Cohen: I don’t know. I mean, we’ll see. I mean, I think, literally there’s going to be a house built, you know, some time in the next several months, so maybe after they get that house maybe they’ll put in some new trees. But it’s just been pretty wild to see, like, this—you know, I walked down there the other day. I was like, “Wow. That lot is totally devoid of trees now.” So I want to maybe transition a little bit to some news articles.
So, I think, one that actually kind of fits in to keep in the North Carolina theme here—everybody who is not in North Carolina is probably going to be sick of us talking about North Carolina, but that’s okay.

Jensen: [LAUGHS]

Cohen: This happens. Right? You know where you’re from. So last week—no, earlier this week, I guess, Charlotte City Council approved a car-free residential development. And so this is pretty wild. And I think they’re doing it, I think, for a good reason, which is that by not having to build parking it will dramatically reduce the overall construction spot by about $250 per month in rent, which is, like—that’s material. Right?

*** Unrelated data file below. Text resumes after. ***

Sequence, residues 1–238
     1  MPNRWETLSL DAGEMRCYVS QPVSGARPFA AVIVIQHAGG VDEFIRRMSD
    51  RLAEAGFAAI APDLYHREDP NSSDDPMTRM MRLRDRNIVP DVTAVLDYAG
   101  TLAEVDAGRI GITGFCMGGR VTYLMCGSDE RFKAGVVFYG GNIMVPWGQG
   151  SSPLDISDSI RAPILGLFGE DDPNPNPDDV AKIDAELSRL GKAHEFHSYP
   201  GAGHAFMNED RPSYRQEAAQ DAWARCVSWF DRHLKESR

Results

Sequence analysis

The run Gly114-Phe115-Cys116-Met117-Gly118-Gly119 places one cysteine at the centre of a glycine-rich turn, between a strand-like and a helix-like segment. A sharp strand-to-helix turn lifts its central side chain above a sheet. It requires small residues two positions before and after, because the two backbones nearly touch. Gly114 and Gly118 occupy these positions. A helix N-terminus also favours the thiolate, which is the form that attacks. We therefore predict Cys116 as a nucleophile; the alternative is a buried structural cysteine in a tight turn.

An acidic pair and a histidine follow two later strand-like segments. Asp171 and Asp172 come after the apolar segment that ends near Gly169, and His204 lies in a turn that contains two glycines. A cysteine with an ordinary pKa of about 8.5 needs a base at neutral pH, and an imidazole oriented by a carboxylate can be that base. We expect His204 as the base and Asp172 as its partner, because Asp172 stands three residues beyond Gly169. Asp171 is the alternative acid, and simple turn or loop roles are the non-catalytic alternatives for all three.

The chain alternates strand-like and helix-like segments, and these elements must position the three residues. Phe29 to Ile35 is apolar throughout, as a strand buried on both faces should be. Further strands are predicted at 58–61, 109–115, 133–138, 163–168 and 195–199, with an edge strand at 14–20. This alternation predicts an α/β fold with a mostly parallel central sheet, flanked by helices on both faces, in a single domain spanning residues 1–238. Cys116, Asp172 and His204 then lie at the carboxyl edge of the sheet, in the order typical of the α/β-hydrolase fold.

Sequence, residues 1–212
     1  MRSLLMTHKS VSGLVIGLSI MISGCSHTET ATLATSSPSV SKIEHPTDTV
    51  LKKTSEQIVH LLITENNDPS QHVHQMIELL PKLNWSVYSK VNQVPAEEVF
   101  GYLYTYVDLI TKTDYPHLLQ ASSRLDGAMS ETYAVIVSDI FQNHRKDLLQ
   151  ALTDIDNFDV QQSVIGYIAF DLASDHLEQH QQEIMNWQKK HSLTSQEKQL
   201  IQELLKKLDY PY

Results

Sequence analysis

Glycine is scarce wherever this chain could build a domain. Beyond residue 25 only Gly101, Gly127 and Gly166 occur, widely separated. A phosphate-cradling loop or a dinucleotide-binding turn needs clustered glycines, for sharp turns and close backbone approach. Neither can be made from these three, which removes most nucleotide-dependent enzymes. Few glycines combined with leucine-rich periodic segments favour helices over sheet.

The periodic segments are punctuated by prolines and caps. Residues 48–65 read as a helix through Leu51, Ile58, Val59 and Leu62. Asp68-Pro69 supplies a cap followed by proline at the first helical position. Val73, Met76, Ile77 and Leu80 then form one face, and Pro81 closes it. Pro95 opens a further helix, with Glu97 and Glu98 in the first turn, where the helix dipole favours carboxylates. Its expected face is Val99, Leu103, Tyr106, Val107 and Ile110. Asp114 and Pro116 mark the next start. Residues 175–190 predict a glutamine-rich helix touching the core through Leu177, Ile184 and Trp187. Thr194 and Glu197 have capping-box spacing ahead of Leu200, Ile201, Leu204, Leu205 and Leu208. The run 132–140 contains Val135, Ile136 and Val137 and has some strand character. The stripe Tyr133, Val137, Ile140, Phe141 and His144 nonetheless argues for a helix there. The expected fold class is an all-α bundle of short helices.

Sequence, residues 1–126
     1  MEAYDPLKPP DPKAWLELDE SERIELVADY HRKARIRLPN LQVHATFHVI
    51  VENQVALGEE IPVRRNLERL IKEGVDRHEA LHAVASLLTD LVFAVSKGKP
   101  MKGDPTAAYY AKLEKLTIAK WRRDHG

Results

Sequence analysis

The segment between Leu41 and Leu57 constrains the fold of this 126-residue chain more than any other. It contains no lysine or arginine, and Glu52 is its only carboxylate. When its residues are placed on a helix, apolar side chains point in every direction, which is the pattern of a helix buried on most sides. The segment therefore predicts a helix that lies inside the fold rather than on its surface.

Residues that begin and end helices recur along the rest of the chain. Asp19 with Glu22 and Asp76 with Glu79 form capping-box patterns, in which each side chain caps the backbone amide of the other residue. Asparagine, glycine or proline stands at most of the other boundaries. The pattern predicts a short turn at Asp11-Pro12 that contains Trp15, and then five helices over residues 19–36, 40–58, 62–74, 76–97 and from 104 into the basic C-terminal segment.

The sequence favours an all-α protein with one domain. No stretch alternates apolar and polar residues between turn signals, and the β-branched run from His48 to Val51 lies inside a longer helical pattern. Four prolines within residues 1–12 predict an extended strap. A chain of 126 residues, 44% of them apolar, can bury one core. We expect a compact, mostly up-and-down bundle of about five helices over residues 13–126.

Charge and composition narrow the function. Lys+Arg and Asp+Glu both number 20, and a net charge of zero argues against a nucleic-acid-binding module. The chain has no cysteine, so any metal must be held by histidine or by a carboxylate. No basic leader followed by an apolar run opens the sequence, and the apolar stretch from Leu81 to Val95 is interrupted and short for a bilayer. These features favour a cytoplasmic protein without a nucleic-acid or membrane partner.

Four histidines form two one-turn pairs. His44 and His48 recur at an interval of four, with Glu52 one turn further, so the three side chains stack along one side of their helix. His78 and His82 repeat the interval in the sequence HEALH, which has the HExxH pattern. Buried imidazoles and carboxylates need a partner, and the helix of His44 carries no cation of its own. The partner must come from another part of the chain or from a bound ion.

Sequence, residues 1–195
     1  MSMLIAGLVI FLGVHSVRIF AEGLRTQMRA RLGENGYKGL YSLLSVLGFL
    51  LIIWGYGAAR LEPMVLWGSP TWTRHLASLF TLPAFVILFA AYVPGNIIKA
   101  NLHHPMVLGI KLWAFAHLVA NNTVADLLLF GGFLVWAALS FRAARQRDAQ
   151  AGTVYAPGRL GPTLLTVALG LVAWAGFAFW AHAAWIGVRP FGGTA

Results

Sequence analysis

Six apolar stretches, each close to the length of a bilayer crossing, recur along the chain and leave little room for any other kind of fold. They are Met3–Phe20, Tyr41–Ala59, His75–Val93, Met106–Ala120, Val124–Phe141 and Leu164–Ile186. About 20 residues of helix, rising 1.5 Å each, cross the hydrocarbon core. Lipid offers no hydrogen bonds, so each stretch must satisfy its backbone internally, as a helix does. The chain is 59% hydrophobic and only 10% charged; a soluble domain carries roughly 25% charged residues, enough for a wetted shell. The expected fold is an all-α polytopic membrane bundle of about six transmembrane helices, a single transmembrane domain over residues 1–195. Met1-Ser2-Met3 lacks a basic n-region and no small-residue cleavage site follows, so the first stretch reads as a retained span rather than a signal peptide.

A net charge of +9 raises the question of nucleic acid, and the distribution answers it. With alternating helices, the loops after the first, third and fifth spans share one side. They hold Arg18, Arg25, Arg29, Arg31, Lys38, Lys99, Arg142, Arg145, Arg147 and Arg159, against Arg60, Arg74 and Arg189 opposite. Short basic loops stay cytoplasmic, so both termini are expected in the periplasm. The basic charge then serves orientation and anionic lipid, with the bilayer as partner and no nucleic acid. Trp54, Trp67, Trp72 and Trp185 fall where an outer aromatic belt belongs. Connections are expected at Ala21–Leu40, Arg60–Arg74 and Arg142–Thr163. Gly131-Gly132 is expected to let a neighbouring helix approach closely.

Jensen: Yeah.

Cohen: And so half of the units are going to be priced for 80% of the area median income, which is about $66,800 for a family of four. And so, I think, that’s a fabulous kind of project, so I’m really impressed that this project got through. But just one more quick thing from the article. Shannon Binns, who is the founder and executive director of Sustain Charlotte—you may recall I had Shannon on the podcast I did about Charlotte. I guess it was probably January of this year. It feels like many, many, many moons ago.

Jensen: Yeah.

Cohen: But, anyway, he’s quoted in this Charlotte Observer article. Quote, “Right now we don’t give people who don’t own a car many options. Whether you own a car or don’t own a car, you’re forced to pay for a parking spot.” So I think that’s a—it’s pretty cool that Charlotte has kind of given the green light to that new development. What jumped out to you about that article, L’erin?

Jensen: So let me tell you, Josh. TransLoc has really—it’s transformed the way that I think, because I think that had I read this article or heard about this just a few years ago I may have been like, “Well, that’s stupid. People have cars; they need to park somewhere.”